Where Are They Now? Update on Atlantic City’s Closed Casinos

Over the course of 2014, four of Atlantic City’s 12 casinos were shuttered:

  • The Atlantic Club in January
  • Revel Casino in September
  • Showboat in September
  • Trump Plaza in September

A year later not a single one of these properties have reopened, but that doesn’t mean the properties have just been lying dormant. There have been several sales (and resales), and a number of potential plans have been floated.

Here is the latest on the four properties:

The Atlantic Club

The Atlantic Club was the first of the city’s casinos to close its doors, in what would later become “The Great Casino Purge of 2014.” In late 2013, the Atlantic Club found itself in bankruptcy, and following a liquidation auction where anything of value not bolted to the ground was available to the highest bidder, the casino closed in early 2014. A combined bid by Tropicana and Caesars saw them divvy up the Atlantic Club’s assets with Caesars taking over control of the property.

Caesars later sold the property to TJM Properties Inc. in June of 2014.

The Atlantic Club is unlikely to ever reopen as a casino. Not only is it almost certainly an unprofitable venture considering its age, location, and condition, but Caesars almost certainly deed restricted the property when it sold it to TJM.

The latest plans have the property and an attached parcel of land being sold to Endeavor Property Group out of Pennsylvania. Endeavor’s plan is to turn the property into a resort hotel (minus the gambling) complete with indoor water parks and arcades.

Trump Plaza

Of the four shuttered casinos, Trump Plaza appears to be the one that will remain an empty eyesore on the Atlantic City Boardwalk the longest. According to a report this summer by NJ.com, Trump Entertainment Resorts plans to deed restrict (ensuring the property is not reopened as a casino) and keep the property closed for as long as 10 years. According to the article, this will be done as a tax-saving measure.

Of course, if someone were to come along and make Trump Entertainment Resorts an offer it can’t refuse, the property would likely be sold in the blink of an eye, although the deed restriction preventing it from reopening as a casino would almost certainly be part of the deal.


The story of Revel Casino only dates back about five years, but in that short period of time, the property has become infamous in gaming circles.

The Revel was an absolute train wreck from the get-go, and the Revel’s ability to find calamity continued post-bankruptcy and closure, as the property couldn’t find a buyer thanks to its mountain of debt commitments.

First it was Glenn Straub who tossed out a lowball offer of around $95 million for the property that nearly survived. But when the Revel went to auction, a second suitor emerged, Brookfield Asset Management, and they outbid Straub with a $110 million offer. In the end, Brookfield backed out, as it was unable to come to an agreement with the power plant that Revel owed tens of millions of dollars to — Revel was something of an indentured servant to the power plant. Brookfield simply ripped up the deal and walked away.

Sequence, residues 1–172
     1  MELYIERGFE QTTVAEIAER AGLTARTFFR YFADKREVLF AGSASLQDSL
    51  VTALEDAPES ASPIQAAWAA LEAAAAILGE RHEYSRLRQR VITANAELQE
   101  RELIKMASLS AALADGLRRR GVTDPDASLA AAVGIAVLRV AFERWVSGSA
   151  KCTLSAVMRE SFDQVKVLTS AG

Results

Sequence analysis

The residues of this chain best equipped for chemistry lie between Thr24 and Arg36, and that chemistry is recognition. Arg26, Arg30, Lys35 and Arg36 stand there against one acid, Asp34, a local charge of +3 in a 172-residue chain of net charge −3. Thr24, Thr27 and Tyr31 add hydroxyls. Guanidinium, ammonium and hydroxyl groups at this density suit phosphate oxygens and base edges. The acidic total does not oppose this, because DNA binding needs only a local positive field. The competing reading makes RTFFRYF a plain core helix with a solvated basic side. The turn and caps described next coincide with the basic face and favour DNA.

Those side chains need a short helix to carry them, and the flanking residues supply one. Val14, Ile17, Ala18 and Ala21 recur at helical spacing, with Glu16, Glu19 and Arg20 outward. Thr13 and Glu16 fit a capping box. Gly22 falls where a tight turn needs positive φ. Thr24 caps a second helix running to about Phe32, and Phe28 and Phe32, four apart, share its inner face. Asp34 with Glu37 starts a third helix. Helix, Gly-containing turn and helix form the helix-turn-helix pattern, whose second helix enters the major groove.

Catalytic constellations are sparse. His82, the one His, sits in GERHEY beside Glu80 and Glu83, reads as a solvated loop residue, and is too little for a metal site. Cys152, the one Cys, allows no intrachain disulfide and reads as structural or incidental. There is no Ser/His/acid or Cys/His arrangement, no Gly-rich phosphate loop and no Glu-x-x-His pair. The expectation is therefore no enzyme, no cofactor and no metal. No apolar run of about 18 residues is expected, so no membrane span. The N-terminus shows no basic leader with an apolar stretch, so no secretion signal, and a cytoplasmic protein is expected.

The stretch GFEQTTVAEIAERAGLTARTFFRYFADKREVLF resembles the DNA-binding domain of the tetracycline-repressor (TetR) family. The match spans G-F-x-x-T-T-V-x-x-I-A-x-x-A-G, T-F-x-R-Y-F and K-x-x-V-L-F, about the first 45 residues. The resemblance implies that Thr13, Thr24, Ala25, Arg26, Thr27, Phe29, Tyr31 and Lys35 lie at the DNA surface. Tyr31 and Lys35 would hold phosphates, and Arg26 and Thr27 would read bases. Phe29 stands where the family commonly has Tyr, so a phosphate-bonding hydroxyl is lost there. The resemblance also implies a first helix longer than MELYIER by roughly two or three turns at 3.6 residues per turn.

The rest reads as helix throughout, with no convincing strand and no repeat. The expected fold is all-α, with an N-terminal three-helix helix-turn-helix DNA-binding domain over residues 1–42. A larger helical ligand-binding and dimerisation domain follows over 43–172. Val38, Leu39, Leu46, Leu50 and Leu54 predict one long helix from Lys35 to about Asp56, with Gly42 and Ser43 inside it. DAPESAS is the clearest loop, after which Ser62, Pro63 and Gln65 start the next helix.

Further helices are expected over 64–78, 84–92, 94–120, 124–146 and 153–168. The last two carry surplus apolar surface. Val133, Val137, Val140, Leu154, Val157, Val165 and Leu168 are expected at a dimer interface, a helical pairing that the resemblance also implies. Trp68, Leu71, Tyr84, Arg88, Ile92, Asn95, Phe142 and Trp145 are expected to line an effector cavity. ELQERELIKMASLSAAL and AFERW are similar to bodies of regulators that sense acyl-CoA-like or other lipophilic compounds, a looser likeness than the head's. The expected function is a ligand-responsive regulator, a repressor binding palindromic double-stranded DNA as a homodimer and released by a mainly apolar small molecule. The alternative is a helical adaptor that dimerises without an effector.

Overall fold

That’s when Straub swooped back in, and after drastically lowering his original lowball offer, he bought the property for just $82 million — quite a bargain considering Revel cost $2.4 billion to build and is less than five years old.  

What Straub is going to do with Revel is anyone’s guess. He’s having the same problems with the power plant Brookfield encountered, and has rattled off any number of ideas for the property.


In December of 2014, Caesars sold the shuttered Showboat Casino to Stockton College, which had designs on turning the property into an Atlantic City campus. However, nothing is that simple in Atlantic City. Before the ink was dry on the deal, Trump Taj Mahal (facing its own bankruptcy restructuring) invoked a previous agreement that allowed it to nix any deal that would turn Showboat into a non-gaming property.

The decision by Trump Taj Mahal made little sense at the time, and it makes even less sense now that it appears Showboat might be reopened as a casino, and once again compete with Trump Taj Mahal.

With its plans disrupted by the Trump Taj Mahal, Stockton agreed to sell the property to Glenn Straub, the real estate developer who purchased Revel. But more legal hang-ups caused that deal to fall apart too. Eventually Stockton did sell Showboat to developer Bart Blatstein.

What Blatstein will do with the property is unclear, considering the expected enforcement of the decades-old agreement with Trump Taj Mahal, and the fact that Caesars sold the property to Stockton College with a deed restriction preventing anyone from reopening the property as a casino.

Blatstein is already heavily invested in Atlantic City’s hoped-for revival with The Playground, a massive shopping and entertainment redevelopment project outside of Caesars Casino. Perhaps his current relationship with Caesars will be enough to get the deed restriction removed.

About the Author

Steve Ruddock

Steve is a seasoned veteran of the online gambling industry, having written about it from every possible angle in his many years as a freelance gaming writer. Based in Massachusetts, Steve especially focuses on regulatory and legislative news coverage pertaining to the U.S. market.